Assuming you find two or more, never attempt to hook-up the secondary outputs in series with the primary inputs in parallel in an attempt to double the voltage, or you may fry both of them. Don't parallel them either, even if they seem to be identical, as some may have a different impedance than another in the line, and the one with the lesser impedance will work alot harder and possibly fail, and cause the other to fail as well...

If you get really lucky, you might find a 60kV transformer for really large neon signs that still works, and that is a major score.

When making a Jacob's Ladder, *always* start with too-large a gap and narrow it little-by-little....30kVDC jumps about one inch in dry air...AC jumps a little less...Too short a gap and the transformer overheats....run a 'Ladder too long and it overheats...I suggest no more than 5 minutes at a time, with a 20+ minute cool-down afterwards....

If using coat-hangar wire for your electrodes, scrape a line through the coating on the inside (where the spark will travel) for optimal spark performance. Brace wires at the top as the magnetism generated will alter the spark-gap as the spark climbs, resulting in a risky wobble in the electrodes....try folding a drinking straw at the top to brace them and keep them safely separated (DO NOT USE CARDBOARD OR ANY OTHER WOOD-PRODUCT, NON-SILVERIZED/METALLIZED-PLASTICS ONLY!).

Good luck, you will find a neon transformer soon,. just keep your eyes open....and remember, these can kill you, so respect their power as a potential human-cooking-device....

Double....*triple*-check that it is unplugged before you even get near any electrode. Wrapping a miniature neon bulb on either electrode (can be shorted, it'll glow if live and does not need current *through* it to light; just tie it on to either HV electrode to stay put ACROSS THE TERMINALS). Alternately, you can use a miniature fluorescent tube as well (it'll light up if live, will REALLY light up if you touch it when live without delivering a dangerous shock when charged under 30kV....just touch it and you'll see)...

Be safe....check terminals for live with a "backhand" motion, so that if you get shocked, the stronger muscles will pull you away from it instead of making you grab it harder. Grab your wrist with the other hand to resist current going through your heart and causing cardiac-arrest...better through your feet than through your chest...

Good luck...I hope you can find the transformer you need and that you don't get hurt by it....Electricity is a harnessed form of nature....never underestimate it...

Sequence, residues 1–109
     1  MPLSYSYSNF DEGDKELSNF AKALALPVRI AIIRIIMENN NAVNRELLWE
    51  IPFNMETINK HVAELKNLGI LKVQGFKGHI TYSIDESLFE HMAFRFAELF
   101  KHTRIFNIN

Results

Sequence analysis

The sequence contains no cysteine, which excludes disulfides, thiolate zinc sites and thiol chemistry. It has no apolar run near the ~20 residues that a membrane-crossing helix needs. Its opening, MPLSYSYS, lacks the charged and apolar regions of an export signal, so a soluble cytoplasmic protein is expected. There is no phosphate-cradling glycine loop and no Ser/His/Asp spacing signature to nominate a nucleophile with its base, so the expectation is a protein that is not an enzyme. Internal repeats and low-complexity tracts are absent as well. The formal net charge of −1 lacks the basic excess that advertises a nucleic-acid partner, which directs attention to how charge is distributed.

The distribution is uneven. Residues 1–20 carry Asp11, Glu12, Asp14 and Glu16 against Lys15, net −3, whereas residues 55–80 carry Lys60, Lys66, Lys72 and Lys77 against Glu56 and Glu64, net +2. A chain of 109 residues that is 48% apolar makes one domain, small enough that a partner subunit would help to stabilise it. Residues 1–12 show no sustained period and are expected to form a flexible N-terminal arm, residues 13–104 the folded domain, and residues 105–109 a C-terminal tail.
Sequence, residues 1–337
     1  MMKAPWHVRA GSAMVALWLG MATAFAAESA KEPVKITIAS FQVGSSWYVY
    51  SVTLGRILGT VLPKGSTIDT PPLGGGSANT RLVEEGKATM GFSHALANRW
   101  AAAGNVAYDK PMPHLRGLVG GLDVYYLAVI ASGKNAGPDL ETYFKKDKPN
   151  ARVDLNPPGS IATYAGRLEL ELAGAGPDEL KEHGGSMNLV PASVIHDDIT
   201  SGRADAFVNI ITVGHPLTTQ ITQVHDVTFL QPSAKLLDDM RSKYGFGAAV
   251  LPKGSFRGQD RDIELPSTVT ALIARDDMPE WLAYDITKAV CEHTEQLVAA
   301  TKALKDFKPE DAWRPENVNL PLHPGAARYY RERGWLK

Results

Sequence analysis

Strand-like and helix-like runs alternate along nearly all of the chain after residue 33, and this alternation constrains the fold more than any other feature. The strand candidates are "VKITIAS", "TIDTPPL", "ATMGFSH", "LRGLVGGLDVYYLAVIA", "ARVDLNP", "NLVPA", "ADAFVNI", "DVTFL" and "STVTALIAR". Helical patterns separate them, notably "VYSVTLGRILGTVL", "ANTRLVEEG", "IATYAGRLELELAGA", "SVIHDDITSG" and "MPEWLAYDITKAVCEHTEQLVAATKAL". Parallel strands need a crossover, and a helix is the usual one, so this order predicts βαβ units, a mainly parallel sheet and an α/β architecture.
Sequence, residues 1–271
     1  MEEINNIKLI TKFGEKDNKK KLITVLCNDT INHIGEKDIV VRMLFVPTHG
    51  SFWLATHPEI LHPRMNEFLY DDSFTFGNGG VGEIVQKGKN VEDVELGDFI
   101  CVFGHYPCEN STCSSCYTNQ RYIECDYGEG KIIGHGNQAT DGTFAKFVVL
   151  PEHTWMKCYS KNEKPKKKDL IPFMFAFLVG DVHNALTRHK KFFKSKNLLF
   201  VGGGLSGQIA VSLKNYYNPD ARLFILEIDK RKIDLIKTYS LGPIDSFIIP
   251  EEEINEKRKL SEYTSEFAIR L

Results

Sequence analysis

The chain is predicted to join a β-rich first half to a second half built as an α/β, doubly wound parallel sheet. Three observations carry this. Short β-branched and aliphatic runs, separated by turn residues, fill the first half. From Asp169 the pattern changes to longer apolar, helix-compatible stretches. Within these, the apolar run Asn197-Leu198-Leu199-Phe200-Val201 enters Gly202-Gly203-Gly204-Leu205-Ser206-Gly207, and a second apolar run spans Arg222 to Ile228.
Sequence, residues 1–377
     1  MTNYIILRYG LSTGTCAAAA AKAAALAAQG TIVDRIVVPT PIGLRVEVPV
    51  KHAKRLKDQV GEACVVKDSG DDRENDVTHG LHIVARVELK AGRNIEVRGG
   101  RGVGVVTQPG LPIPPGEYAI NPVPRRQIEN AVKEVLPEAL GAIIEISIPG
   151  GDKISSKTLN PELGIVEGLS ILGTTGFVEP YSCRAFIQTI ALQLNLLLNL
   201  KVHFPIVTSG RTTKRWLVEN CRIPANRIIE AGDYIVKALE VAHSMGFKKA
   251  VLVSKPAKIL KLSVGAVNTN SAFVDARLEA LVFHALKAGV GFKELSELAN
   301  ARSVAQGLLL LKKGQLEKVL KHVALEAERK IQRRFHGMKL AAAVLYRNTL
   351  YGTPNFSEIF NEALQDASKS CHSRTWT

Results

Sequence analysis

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37 Discussions

Can I make this with a DC power supply?

Here my jacob ladder with salt on it at 12,000 volts.

Thanks for this Instructables! I'm just wondering why you added the threaded ends to the center mount, rather than using the slip-fit ends and using PVC glue to make the connections permanent? Were you trying to make it so that you could break it down for storage/transport?

i want to add a tube over it to give it a little more mad scientist look to it,

any suggestions?

i found one i like at partsforsigns.com
they have a lot of brands there so it might prove useful to go there
sincerely
timmymiller
p.s. BWAHAHAHAHAHAHAHAHAHAHAHAHAHAHAHAHAHAHAHAHAHAHAHAHAHA

THIS IS INSANE! so awesome and so beyond my comprehension lol. may one day get up the guts to try my hand with voltage i'll most likely kill myself with HAha. Hot stuff- love it:)

You could make a smaller one with some thick wire, but you need some serious voltage to get a big one to work. My NST (neon sign transformer) only cost $40 on ebay.

nice. though in the video, the arc seems to snuff prematurely a lot. also, near the top, the arc seems to wobble; one side rises, then the other side rises past the first side and stops, then the first side rises again. i beleive this problem can easily be solved with a higher amperage transformer.

2 replies

I've been experimenting more and found that rubbing the copper with steel wool to get rid of the oxidation layer helps the arc run more consistently. You have to do it every once in a while because the copper oxidizes extra fast with the high voltage.

And you can put the copper in a clear tube or in a closed room with no ac/fans to keep drafts down. Drafts kill more arcs than arcs kill humans.

do you think if you got the arc moving fast enough and you placed something like a metal bb in the arc, the arc will act like a electro-magnet and launch the bb? in short, a jacob's ladder gun?